|Publication number||US3501434 A|
|Publication date||Mar 17, 1970|
|Filing date||Sep 26, 1966|
|Priority date||Sep 26, 1966|
|Publication number||US 3501434 A, US 3501434A, US-A-3501434, US3501434 A, US3501434A|
|Inventors||Alfred C Chadwick, Robert W Hocher|
|Original Assignee||Firestone Tire & Rubber Co|
|Export Citation||BiBTeX, EndNote, RefMan|
|Patent Citations (4), Referenced by (5), Classifications (11)|
|External Links: USPTO, USPTO Assignment, Espacenet|
United States Patent 3,501,434 EPOXY-NEOPRENE COMPOSITIONS Alfred C. Chadwick, Birmingham, and Robert W. Hocher, Livonia, Mich, assignors to The Firestone Tire & Rubber Company, Akron, Ohio, a corporation of Ohio No Drawing. Continuation-impart of application Ser. No. 311,968, Sept. 27, 1963. This application Sept. 26, 1966, Ser. No. 586,594
Int. Cl. C082 45/28, 51/28; C08g 45/04 US. Cl. 260-33.6 Claims ABSTRACT OF THE DISCLOSURE This invention relates to adhesive compositions comprising mixtures of 100 parts by Weight of a sulfur interpolymerized rubbery chloroprene polymer stabilized with thiuram disulfide, about 30 to 140 parts by weight of a liquid epoxy resin and an aliphatic tertiary amine curing agent.
This application is a continuation-in-part of our application Ser. No. 311,968 filed Sept. 27, 1963 and now abandoned.
This invention relates to elastomeric adhesive products which have unusual properties of strength and adhesion and which is especially suitable for adhesively securing a wide variety of structural members of the same or different composition such as metal, glass, plastics, ceramics, wood, flexible tile, plastic and concrete.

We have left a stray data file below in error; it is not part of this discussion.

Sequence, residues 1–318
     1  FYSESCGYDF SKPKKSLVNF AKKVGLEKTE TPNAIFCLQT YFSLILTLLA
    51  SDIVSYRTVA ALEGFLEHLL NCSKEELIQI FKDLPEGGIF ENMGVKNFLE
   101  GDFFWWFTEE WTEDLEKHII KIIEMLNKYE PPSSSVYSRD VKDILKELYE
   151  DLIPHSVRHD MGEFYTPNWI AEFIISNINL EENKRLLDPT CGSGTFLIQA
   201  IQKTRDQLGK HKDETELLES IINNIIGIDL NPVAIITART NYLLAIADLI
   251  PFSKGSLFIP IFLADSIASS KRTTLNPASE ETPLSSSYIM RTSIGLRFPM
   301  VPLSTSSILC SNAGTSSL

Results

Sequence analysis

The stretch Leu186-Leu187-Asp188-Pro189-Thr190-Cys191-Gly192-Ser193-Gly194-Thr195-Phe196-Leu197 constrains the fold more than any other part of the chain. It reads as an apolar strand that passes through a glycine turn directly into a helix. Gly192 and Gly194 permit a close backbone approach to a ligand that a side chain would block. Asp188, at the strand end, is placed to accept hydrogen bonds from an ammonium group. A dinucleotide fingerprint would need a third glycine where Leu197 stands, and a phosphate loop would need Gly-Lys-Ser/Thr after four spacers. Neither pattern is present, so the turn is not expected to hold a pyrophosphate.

It is the primary object of the present invention to provide chemical materials which are available in a flowable form so that they may be gunned, poured, brushed, or sprayed onto the desired surfaces and which will convert into an elastomeric material having exceptional adhesion for a wide variety of surfaces. Such elastomeric materials are suitable for use as sealers and caulking compounds between solid bodies and may be applied as a filling for expansion joints in concrete structures and in curtain wall buildings and a variety of similar applications. They are also useful as adhesives which are capable of absorbing heavy stresses without cracking. Materials for these applications have previously been formed from polysulfide-type polymeric materials. Polysulfides, however, have had many disadvantages including low strength, undesirable odor, high cost and the like.
The elastomers of the present invention combine the characteristic extensibility and resilience of neoprene with the strength and adhesion of epoxy resin. The formulations used to produce the elastomeric adhesives of the invention take the form of two part systems, in which each part is a fluid, that are combined immediately prior to application and which cure together in a relatively short time at room temperature and/or elevated temperatures to form a rubbery end product which may be elastic or rigid. These formulations are often mixed in quantities of approximately the same magnitude. The resultant compositions have properties of elongation and adhesion which cannot be achieved by either of the principal components alone. They will adhere to oily surfaces as well as surface treated metal and super-smooth surfaces such as glass and porcelain more satisfactorily than compositions made from the unmodified epoxy component or from the neoprene component alone.